Health and Safety Legislation in Schools

health and safety legislation in schools

Even people working in education misunderstand health and safety for schools. They assume that regulations are complex or impractical. It’s easy to see where this misconception comes from. Children are more vulnerable than adults and predisposed to impulsive behaviour. So, school leaders must anticipate and address all conceivable classroom hazards.

This interpretation is half correct. Children are at risk during the six or so hours they’re away from their guardians. However, health and safety legislation in schools isn’t different from that in other workplaces. If the legislation is followed, pupils’ safety is almost guaranteed.

That said, children’s inherent vulnerability raises the stakes regarding health and safety at school. So, make yourself aware of the key legislation. You can be confident your school is compliant and your pupils are safe, letting you focus on delivering an exceptional education.

Primary Duty

Health and safety in UK schools is governed by the Health and Safety at Work etc. Act 1974 (HSWA). Under the HSWA, employers must protect the health and safety of all employees and anyone else who might be harmed by their operations. Schools are workplaces, so they are subject to the HSWA.

Children lack self-regulation or the capacity to follow complex health and safety procedures. It’s also essential for children to play with some level of independence and freedom. So, adults have to work a little harder to guarantee the health and safety of their pupils. However, HSWA compliance for schools is broadly similar to that of other workplaces.


Employers hold final accountability for health and safety matters. If an accident happens, the Health and Safety Executive (HSE), which enforces the HSWA, will penalise the employer if they’ve failed to fulfil their duties.

Schools are no exception, but the organisation of private, public and independent schools differs, which can confuse accountability.

Typically, school employers are:

  • The local authority for state schools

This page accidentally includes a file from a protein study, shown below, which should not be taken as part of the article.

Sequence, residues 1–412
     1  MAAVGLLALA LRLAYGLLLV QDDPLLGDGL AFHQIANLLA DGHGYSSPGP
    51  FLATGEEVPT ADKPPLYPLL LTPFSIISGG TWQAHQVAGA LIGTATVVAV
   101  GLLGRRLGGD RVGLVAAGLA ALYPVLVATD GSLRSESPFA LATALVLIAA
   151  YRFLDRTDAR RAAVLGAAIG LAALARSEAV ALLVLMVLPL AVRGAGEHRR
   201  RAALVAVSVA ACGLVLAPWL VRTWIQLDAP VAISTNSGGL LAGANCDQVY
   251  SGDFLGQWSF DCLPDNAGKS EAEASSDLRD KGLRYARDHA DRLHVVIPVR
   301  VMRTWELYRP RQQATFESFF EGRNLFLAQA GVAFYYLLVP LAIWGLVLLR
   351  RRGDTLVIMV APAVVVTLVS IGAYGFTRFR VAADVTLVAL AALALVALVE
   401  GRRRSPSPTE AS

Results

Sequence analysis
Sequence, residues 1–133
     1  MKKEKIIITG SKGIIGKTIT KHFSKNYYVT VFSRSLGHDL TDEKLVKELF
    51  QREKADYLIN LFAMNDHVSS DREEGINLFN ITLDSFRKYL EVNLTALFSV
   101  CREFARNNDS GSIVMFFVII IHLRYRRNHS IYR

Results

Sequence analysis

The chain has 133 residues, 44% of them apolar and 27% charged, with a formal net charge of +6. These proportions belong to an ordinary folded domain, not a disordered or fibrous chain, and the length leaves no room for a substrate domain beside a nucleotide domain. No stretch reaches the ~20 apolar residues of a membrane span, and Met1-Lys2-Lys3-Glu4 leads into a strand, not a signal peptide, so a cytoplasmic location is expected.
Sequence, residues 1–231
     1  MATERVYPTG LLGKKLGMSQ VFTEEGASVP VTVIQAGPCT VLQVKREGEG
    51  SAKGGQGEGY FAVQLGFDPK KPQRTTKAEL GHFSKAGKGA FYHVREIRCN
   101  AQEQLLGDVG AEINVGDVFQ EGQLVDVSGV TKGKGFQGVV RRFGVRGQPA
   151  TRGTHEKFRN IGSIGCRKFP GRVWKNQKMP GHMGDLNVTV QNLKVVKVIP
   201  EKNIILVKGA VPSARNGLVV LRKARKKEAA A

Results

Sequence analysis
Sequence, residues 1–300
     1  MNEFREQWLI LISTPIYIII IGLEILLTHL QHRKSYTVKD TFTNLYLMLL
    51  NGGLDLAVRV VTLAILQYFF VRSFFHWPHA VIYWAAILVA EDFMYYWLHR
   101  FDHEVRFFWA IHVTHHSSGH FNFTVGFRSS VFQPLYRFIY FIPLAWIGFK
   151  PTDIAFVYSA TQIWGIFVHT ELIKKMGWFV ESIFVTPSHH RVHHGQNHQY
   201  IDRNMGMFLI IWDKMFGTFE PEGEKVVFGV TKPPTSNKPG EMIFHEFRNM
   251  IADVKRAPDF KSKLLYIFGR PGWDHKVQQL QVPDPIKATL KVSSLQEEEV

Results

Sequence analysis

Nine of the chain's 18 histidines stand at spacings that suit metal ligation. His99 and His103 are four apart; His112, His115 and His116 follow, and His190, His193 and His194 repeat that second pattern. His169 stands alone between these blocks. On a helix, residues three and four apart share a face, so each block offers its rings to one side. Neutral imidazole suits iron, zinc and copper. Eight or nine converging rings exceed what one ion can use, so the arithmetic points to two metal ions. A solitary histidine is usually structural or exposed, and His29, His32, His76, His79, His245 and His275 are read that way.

• A trust for academies or free and independent schools

You need extensive knowledge of a workplace and its people to manage health and safety effectively. School employers often lack this knowledge because they handle multiple sites from one centralised location. Most overcome this issue by delegating responsibilities related to health and safety at school to headteachers. The headteacher can then appoint others to assist with their duties. Accountability will remain with the employer, though.

Whoever is responsible for daily health and safety management must strike the right balance. The right balance means keeping pupils safe without denying them opportunities to develop and learn in exciting ways. It also means clearly defined roles and practical health and safety arrangements. You can check the balance in your school with the HSE’s free health and safety in schools checklist.

Health and Safety Courses

Our Health and Safety courses help trainees explore common workplace hazards that might become fatal if ignored. Understanding the nature of the problem can help control and manage the issue before it gets worse.

Other Responsibilities

Effective health and safety for schools depends on delegation to competent people. From policy writing to routine health and safety in classrooms, you can’t expect one person to fulfil every duty necessary to keep children safe.

The HSWA sets out your primary duty to protect all pupils and staff on-site. Still, compliance is impossible without following other statutory requirements. You must also know the different acts and regulations relevant to school safety.

Health and Safety Policy in Schools

Like other workplaces, health and safety policies in schools are necessary. You must tailor the policy to your school, but every document should set out:

  • Your health and safety aim
  • Who are the duty holders
  • How have duties been shared
  • Arrangements put in place to protect pupils and school staff
Health and Safety Policy in Schools

Schools handle policies better than most organisations because educators know that a policy must be regularly reviewed and amended to be effective. Your health and safety policy will be no different, so it’s recommended that you include review plans in the document, too.

Risk Assessment

Risk assessments are another constant in health and safety legislation. Under the Management of Health and Safety at Work Regulations 1999, all employers must complete one for their workplace by acting systematically to: